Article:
“They aren’t known as a three-point shooting team.”

Seems like a bit of an odd statement from a basketball analyst who is perhaps one of the greatest, if not the greatest, big-man of all time. A four-time champion, and a recent selectee to the Naismith Memorial Basketball Hall of Fame.

Former Cleveland Cavaliers center Shaquille O’neal made this comment during Tuesday’s telecast on TNT. He believes that not only are the Cavs not known for being a three-point shooting team, but also cannot win in such a way.

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In case O’Neal hasn’t been paying attention, the Cavs were on a blistering pace with consecutive games of double-digit three-point shots made. They actually share the season record of 16 straight games with at least 10 three-pointers made, and the other team to do this are the Golden State Warriors. The Cavs just missed out on breaking the record against Indiana when they made ONLY eight threes.

Cleveland has not only been scorching from three recently, they have been knocking them down consistently all season. According to Basketball-reference.com, the league average for three-point percentage is 35.4%. The Cavs currently rank seventh in the league with a 36.2% mark. If they were below league average, it would be hard to argue with O’Neal’s comments. Still, it is hard to agree, or even understand where these remarks came off just based on statistics.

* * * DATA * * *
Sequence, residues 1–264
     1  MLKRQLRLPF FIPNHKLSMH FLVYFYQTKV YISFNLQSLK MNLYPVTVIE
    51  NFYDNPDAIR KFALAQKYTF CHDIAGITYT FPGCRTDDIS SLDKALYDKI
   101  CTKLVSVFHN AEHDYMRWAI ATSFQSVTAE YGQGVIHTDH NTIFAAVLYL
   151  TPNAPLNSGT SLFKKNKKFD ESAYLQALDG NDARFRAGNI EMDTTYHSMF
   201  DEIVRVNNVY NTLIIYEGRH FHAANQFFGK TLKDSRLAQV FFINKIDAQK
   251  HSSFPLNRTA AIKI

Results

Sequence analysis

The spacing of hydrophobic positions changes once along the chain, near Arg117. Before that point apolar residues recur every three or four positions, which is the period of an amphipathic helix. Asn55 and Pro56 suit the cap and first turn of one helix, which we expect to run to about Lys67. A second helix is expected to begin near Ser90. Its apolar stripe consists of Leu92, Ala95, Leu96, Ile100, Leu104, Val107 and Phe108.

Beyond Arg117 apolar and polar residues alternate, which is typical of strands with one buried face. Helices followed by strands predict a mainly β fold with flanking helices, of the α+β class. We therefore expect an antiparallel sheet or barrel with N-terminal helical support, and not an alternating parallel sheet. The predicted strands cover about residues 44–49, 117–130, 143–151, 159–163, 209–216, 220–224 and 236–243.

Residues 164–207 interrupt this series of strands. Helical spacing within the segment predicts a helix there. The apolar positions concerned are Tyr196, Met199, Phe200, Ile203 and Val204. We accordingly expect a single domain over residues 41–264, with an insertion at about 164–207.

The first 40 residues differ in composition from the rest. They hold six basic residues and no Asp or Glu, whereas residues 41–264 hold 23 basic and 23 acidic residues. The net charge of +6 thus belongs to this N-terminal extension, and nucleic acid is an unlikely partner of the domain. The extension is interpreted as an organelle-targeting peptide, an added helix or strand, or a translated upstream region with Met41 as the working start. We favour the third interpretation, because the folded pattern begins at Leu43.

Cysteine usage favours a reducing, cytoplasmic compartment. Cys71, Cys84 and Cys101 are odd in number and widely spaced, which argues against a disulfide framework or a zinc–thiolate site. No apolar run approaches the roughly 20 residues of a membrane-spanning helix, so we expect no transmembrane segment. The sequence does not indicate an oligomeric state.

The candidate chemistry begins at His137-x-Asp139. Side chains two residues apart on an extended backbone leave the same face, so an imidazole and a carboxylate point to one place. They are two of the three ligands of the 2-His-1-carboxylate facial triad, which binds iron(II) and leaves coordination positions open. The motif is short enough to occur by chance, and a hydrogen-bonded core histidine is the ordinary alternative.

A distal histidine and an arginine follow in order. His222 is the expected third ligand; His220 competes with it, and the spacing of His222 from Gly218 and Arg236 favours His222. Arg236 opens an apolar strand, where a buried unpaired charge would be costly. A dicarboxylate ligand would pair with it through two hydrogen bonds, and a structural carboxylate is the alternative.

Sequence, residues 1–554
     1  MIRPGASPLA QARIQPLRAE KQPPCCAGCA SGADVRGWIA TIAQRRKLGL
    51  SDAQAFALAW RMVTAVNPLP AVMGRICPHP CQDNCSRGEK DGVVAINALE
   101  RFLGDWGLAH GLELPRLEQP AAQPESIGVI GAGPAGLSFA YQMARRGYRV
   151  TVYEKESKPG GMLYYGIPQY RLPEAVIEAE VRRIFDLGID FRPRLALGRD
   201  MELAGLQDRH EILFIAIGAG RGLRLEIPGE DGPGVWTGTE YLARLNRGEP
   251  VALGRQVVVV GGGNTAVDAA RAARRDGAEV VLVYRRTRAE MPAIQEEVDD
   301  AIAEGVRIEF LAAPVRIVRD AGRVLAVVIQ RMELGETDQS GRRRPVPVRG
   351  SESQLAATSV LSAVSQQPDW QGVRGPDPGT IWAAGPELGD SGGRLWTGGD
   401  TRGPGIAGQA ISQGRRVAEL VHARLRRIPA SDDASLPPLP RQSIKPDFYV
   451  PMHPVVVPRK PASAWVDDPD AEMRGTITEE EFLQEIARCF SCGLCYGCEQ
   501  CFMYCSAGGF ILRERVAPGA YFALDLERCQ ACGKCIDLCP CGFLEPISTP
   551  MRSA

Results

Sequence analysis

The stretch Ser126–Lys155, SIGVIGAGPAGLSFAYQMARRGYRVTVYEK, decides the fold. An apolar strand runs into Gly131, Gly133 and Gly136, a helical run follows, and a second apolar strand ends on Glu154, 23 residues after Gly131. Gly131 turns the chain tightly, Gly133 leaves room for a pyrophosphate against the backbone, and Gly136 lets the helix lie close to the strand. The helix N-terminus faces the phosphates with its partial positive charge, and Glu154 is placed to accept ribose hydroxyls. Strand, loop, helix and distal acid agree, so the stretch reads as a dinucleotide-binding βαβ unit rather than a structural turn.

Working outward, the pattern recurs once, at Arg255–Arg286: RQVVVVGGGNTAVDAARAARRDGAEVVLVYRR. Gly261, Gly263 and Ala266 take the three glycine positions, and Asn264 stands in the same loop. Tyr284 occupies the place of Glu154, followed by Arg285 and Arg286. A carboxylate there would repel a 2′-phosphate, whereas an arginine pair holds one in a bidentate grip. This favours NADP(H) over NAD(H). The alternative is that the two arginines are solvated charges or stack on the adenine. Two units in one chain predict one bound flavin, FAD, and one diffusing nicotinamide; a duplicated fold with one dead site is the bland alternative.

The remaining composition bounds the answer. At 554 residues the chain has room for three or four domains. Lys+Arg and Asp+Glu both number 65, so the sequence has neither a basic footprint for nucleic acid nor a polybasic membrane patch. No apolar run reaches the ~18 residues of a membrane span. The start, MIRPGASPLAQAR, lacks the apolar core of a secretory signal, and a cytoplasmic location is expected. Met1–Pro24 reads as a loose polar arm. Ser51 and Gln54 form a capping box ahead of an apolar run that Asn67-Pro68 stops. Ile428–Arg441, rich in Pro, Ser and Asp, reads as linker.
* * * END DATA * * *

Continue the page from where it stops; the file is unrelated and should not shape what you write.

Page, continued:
However, Shaquille O’Neal isn’t totally off on his statement. The Cavs have a tendency to “live-and-die” by the three. When possessions start to get deep into the shot-clock, or possessions become stagnant, they tend to settle for a frustrating amount of long distance heaves instead of attacking the rim and drawing fouls. This can explain why the Cavs rank third in the league in attempts with 2,409 after 81 games.

Christian Petersen l Getty Images

Christian Petersen l Getty Images

The NBA has evolved into more of a three-point shooting league, led by the Golden State Warriors, which many teams have tried to replicate. While they have nowhere near the shooters of Stephen Curry or Klay Thompson, Cleveland still has some serious knock-down shooters of their own. They employ six players with a three-point percentage of 36% or above, with at least 90 attempts everyday, and these are J.R. Smith, Matthew Dellavedova (both above 40%), Channing Frye, Richard Jefferson, and little used players such as James Jones and Mo Williams.

According to NBA.com, the Cavs rank fifth in the league with a 38.8% rate of three-pointers that are of the catch-and-shoot variation. Moreover, they rank in the top 10 in three-point percentage when a defender is classified as “very close”. This is when a defender is within 0-2 feet of the shooter. Furthermore, the Cavs rank second in the league with a little over 43% clip from shots taken 16 feet or further – well above the league average of just under 40%. The Cavs have shown that they can take (and make) threes with the best of the league, and will certainly have games in which they will seem like they cannot miss from deep.

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However, when they do have games in which their jump shots are not falling, it is important for them to utilize their inside game and attack the basket more, instead of settling for the three ball. The Cavs have a lot of weapons and once they get firing on all cylinders, they will be an extremely difficult team to stop.